Michael Pate: Bloody fucking dismal — that’s the situation (laughs)! No really, there’s a million ‘bands’ in the city… and 95% of them are from Williamsburg/Park Slope. Young, hungry bands can’t afford to live in Manhattan. It’s weird, the ‘scene’, I dunno… I don’t feel that Electric Black Horse is a big part of it. On one side you have a sea of hipster bands which basically consist of four or five guys/girls that look like they just got off work or walked out of rehearsal — lots of beards and glasses, B.O. and bad breath, $75 t-shirts, Casio keyboards and organic beer. On the other end of the spectrum, there are bands in love with the 80’s hair-band look, but playing Judas Priest style metal. There are also Lower East Side rockers who are constantly reminding you that they’re ‘NYC born and bred all the Way’ but all the guys are from out of town! In the middle there’s everybody else. I think we’re in the middle somewhere.

Michael Pate of Electric Black Horse Sleaze Roxx InterviewI purposely don’t bill us as an ‘NYC band’ because it’s not true to begin with and I think it’s a lame grasp for some kind of credibility. Electric Black Horse is from Earth, that’s all you need to know! We get all dressed up, in the grand tradition of 60’s-70’s inspired rock and roll. We’re not trying to be campy, it’s more about pomp and circumstance than camp — setting a tone. We’re putting a show on without the music taking a backseat. We look and sound amazing — it’s genuine… not so serious, but very genuine. You paid your money, you traveled to the venue, and you get a show. We don’t stare at our shoes that’s for sure.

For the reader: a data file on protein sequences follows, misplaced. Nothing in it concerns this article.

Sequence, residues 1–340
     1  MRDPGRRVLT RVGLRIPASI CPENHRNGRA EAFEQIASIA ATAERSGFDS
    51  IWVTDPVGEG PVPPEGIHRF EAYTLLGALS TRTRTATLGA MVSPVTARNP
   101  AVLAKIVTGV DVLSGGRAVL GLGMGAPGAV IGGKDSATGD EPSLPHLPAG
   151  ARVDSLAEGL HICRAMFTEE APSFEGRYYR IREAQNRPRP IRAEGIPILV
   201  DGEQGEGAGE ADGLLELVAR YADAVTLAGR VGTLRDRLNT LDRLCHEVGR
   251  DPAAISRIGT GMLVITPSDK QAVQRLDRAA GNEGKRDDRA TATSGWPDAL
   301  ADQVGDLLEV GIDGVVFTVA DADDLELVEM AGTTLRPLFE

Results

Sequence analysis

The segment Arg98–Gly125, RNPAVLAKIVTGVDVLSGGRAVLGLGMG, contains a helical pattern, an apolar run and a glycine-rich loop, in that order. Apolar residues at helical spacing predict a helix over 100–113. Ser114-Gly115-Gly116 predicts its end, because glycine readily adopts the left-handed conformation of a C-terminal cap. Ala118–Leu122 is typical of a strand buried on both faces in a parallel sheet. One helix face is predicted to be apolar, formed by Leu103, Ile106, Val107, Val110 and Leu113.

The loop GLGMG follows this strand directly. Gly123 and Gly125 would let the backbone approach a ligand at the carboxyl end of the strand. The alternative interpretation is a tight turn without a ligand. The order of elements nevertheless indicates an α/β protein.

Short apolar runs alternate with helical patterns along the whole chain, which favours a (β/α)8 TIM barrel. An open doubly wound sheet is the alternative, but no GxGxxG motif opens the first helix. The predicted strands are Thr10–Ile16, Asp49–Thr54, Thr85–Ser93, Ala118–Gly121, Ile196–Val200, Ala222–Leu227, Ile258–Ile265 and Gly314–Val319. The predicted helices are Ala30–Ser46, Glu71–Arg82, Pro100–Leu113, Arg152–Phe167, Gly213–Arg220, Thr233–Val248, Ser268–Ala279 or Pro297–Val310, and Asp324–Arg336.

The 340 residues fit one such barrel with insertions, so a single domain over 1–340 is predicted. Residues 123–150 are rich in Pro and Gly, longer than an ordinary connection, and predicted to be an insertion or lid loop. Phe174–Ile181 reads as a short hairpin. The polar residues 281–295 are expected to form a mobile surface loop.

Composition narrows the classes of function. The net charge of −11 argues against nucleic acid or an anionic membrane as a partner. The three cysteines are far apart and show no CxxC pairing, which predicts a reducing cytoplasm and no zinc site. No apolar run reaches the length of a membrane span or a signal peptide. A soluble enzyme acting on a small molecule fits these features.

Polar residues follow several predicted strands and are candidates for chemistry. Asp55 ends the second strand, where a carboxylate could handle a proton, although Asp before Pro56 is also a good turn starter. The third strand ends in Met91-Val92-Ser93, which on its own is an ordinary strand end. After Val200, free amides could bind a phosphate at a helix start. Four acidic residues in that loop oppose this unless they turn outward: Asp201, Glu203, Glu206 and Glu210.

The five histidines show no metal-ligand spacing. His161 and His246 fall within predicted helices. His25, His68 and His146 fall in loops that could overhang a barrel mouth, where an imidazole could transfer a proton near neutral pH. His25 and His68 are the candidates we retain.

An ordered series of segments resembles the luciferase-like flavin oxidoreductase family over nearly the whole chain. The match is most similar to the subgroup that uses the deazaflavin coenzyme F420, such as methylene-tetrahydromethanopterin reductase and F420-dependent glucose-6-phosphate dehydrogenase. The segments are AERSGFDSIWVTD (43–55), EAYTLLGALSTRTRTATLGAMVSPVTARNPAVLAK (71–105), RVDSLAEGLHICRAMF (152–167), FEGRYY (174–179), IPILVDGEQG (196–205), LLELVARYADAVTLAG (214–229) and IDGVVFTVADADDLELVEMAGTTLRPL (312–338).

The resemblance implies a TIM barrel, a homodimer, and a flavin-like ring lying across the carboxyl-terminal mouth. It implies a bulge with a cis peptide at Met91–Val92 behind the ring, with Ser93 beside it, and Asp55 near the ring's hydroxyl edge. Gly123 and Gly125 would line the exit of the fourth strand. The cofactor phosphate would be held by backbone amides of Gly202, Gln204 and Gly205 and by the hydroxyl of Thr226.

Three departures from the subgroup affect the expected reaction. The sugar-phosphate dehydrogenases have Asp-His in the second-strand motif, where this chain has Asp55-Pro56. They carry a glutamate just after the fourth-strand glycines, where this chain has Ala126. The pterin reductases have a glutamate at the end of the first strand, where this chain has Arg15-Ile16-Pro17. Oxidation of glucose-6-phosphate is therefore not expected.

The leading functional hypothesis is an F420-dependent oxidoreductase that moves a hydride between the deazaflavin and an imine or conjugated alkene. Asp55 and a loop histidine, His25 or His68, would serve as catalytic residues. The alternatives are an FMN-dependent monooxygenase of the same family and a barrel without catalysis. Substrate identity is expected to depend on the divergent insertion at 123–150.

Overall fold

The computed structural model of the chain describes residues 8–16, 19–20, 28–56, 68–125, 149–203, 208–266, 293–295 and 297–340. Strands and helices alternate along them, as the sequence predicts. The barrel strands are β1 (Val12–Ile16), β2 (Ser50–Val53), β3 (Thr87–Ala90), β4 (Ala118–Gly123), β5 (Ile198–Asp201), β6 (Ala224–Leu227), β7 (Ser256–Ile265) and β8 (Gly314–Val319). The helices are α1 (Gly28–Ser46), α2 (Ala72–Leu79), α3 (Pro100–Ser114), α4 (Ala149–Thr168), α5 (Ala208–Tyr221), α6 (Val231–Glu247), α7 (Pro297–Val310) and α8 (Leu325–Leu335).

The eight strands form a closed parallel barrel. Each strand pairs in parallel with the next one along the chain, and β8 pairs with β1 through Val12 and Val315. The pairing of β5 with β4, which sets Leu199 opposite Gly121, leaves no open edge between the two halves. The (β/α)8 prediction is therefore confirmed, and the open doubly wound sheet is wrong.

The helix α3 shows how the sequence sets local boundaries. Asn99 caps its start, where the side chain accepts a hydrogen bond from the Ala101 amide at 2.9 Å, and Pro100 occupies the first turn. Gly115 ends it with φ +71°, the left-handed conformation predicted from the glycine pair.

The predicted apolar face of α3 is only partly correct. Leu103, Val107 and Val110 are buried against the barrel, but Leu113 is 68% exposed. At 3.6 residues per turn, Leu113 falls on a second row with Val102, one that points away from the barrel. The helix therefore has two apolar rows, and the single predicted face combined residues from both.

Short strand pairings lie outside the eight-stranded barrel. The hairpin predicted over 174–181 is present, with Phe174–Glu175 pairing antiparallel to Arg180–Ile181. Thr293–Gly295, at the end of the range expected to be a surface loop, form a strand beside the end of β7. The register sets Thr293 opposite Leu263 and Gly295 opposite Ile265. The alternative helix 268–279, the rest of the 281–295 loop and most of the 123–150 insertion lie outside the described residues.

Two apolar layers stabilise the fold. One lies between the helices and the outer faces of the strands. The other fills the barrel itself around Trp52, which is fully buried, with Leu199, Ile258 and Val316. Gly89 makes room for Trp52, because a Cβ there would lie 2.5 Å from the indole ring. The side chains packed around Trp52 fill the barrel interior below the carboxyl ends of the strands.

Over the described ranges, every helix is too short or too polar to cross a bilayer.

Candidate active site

Sleaze Roxx: What is your favorite NYC band?

Michael Pate: Electric Black Horse! Really, it’s an honor and a pleasure to play with three other like-minded, creative, professional rock and roll gentlemen. I’m in the band I most want to see, that’s why I’m doing this. I actually do like a lot of bands here in NYC, they’re all good friends, so let me name drop a bit. Killcode, who gave Electric Black Horse a great head start by putting us on their shows early on — wonderful guys they are consummate pros and put on a great show. Kore Rozzik, a real character who also brought us into a few shows and works hard putting on a great show. Mancie, a female fronted act, that absolutely rock. 10 Ton Mojo, Honor Among Thieves, Panzie…